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WH: We're Not Folding

A new Associated Press report says the White House and members of Congress are contemplating a vastly scaled-down health care reform plan:

Chastened by the Democratic Senate loss in Massachusetts, President Barack Obama and congressional allies signaled Wednesday they will try to scale back his sweeping health care overhaul in an effort to at least keep parts of it alive.

A simpler, less ambitious bill emerged as an alternative only hours after the loss of the party's crucial 60th Senate seat forced the Democrats to slow their all-out drive to pass Obama's signature legislation and reconsider all options.

No decisions have been made, lawmakers said, but they laid out a new approach that could still include these provisions: limiting the ability of insurance companies to deny coverage to people with medical problems, allowing young adults to stay on their parents' policies, helping small businesses and low-income people pay premiums and changing Medicare to encourage payment for quality care instead of sheer volume of services.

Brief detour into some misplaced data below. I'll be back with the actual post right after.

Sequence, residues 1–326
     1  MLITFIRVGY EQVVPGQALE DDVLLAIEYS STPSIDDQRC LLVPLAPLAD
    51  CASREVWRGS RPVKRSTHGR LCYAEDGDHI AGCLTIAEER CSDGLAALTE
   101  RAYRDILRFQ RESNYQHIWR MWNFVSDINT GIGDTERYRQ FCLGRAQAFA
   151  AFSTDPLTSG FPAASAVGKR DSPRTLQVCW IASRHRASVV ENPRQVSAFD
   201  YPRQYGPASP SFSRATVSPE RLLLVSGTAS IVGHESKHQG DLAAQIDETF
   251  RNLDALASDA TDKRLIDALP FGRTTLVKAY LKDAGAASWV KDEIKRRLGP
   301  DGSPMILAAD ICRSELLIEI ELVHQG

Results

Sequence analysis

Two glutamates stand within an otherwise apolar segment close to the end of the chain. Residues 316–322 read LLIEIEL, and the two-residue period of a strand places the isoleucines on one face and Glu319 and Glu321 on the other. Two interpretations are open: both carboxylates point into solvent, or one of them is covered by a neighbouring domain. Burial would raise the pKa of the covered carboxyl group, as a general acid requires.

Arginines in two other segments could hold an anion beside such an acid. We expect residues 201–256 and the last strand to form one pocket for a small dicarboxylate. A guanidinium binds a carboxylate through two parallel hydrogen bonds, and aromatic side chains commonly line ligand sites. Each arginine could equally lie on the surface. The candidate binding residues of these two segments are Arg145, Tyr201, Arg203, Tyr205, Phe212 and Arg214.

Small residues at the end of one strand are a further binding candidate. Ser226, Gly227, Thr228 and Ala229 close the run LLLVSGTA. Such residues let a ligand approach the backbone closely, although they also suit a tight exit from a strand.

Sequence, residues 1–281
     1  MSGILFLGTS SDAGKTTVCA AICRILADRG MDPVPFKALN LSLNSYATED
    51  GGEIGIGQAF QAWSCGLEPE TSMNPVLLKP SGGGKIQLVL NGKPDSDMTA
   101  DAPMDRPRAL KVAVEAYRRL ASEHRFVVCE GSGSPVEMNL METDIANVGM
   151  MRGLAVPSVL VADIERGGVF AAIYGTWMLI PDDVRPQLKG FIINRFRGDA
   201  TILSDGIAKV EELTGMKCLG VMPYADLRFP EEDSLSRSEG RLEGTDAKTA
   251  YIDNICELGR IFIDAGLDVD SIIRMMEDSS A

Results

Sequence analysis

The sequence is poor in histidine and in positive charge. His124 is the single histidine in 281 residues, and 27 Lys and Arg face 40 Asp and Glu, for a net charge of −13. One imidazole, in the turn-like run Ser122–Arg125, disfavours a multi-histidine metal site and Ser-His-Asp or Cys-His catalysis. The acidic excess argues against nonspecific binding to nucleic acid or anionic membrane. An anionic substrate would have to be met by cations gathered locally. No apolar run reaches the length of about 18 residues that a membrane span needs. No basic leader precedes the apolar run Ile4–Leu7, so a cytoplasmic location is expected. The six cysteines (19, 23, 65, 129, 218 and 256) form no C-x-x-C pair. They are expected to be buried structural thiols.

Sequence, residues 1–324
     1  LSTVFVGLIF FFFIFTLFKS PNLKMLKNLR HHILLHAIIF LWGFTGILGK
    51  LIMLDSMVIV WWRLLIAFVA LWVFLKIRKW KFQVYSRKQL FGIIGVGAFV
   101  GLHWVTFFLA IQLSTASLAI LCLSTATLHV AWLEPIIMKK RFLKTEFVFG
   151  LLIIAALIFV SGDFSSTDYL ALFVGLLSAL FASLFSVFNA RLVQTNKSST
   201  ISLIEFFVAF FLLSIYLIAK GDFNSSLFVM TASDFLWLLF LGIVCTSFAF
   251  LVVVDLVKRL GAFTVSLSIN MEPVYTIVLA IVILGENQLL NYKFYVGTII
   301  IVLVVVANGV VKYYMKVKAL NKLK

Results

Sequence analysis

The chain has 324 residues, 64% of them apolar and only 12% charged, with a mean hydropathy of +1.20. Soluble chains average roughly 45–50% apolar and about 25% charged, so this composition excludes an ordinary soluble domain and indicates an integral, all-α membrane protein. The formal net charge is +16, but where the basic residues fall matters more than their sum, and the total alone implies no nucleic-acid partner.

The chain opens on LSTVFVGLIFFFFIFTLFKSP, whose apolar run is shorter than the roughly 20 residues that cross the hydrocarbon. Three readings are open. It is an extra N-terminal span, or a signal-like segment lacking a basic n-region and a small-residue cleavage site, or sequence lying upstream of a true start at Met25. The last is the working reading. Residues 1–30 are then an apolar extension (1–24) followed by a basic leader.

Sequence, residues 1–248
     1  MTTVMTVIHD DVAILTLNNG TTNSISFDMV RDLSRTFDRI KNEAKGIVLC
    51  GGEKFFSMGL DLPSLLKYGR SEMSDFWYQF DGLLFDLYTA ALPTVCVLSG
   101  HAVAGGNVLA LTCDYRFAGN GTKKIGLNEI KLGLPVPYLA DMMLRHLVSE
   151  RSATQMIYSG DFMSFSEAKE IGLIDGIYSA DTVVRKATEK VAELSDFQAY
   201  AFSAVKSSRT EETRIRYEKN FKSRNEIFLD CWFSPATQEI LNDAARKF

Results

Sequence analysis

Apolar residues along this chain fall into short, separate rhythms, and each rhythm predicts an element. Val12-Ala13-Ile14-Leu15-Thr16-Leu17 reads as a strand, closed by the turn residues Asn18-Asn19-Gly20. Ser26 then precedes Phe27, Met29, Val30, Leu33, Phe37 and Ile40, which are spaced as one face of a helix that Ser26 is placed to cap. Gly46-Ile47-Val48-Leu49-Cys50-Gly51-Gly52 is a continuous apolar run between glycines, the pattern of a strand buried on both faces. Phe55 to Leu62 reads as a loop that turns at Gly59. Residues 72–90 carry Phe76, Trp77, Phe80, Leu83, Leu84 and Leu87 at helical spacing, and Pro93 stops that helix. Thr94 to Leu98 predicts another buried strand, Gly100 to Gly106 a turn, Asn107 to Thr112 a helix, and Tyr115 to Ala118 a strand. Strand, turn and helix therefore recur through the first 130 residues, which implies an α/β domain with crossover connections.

Obama urged lawmakers not to try to jam a bill through, but scale the proposal down to what he called "those elements of the package that people agree on."

It's clear at least some congressional Democrats are interested in that strategy. One aide described just such an approach in an interview with TPM's Brian Beutler. But White House sources deny that they are promoting this same idea. Responding to an e-mail query about the AP story, Communications Director Dan Pfeiffer said the account was "very wrong," adding that

Right now there are a lot of discussions going on about the best path forward. But let’s be clear: the President’s preference is to pass a bill that meets the principles he laid out months ago: more stability and security for those who have insurance, affordable coverage options for those who don’t, and lower costs for families, businesses, and governments.

In fairness, reading the story again, the AP's implication may simply be that Obama also supports a scaled-down plan--but not one as scaled-down as what some members of Congress are urging. In any event, make of this what you will.